Many, many years ago, I remember saying, “Someday, you wouldn’t install and run programs, you would run all your applications from your web browser. Much to my delight, when Google released their Docs suite, I was very pleased. However, with cloud computing coming-on strong, remote computing is going much further than a few apps running in your browsers.
In fact, here’s something I would never have dreamed of, an entire Linux OS running in a browser:
The following browsers are officially supported:
- Firefox 4.x
- Chrome 11
- Opera 11.11
- Internet Explorer 9
For optimal performance, your browser should support the W3C Typed Arrays.
Here’s how you can copy data to the Virtual Machine:
- Copy your file content to the OS clipboard using your favorite text editor.
- Paste the data to the JS/Linux clipboard using the mouse (it is the text area on the right of the VM terminal).
- In the VM Linux shell do:
cat < /dev/clipboard > /tmp/myfile
Your text file is now copied to /tmp/myfile.
To copy binary data, you can uuencode it on the PC using (assuming you use Linux):
uuencode myfile myfile > myfile.txt
Then you copy myfile.txt to the Linux VM and uudecode it by doing:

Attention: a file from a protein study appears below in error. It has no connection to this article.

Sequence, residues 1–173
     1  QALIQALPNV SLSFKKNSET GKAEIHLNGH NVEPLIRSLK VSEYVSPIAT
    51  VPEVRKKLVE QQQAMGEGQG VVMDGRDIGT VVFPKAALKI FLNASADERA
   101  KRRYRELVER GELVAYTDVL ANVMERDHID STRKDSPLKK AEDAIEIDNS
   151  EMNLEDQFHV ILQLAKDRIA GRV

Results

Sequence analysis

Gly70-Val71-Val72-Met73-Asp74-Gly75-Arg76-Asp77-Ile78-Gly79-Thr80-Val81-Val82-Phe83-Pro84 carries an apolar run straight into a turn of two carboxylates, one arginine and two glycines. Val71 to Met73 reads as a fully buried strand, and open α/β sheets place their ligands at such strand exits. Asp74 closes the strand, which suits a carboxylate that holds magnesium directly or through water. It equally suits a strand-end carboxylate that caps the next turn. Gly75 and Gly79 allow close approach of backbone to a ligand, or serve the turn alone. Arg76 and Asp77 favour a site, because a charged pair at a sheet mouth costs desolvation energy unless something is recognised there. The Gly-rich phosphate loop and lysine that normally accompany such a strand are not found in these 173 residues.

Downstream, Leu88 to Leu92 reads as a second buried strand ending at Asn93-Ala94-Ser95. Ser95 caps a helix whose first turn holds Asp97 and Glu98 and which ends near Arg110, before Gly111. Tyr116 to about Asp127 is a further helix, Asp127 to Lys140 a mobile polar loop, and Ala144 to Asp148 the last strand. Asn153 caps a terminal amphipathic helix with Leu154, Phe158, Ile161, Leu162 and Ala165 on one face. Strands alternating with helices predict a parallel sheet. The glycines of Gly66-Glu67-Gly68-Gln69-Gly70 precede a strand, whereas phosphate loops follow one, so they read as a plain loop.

uudecode < /dev/clipboard
Now, this is how you copy your data from the Virtual Machine:
The procedure is the reverse of the previous one:
- Copy your file to the clipboard:
cat myfile > /dev/clipboard
- Select all the clipboard data and copy it to the host OS clipboard using the mouse over the text area on the right of the VM terminal.
- Paste the data in your favorite text editor
For binary files, you can uuencode in the VM and uudecode on the host.
Sure, it’s not like running an OS on your local machine. It’s only an emulator; however, can you seeing this expand? Right now, we are limited by bandwidth, etc … In the past, compression and hardware technology have given us more bandwidth. More bandwidth (or compression) = more data, the higher the chance of being able to run a completely virtual machine, apps, programs, files … everything!
Imagine have a netbook type device, or low-cost generic machines, that runs all of our “stuff.” A portal. A gateway.
Will we see the end of the importance of having a large local hard drive, RAM, and so on?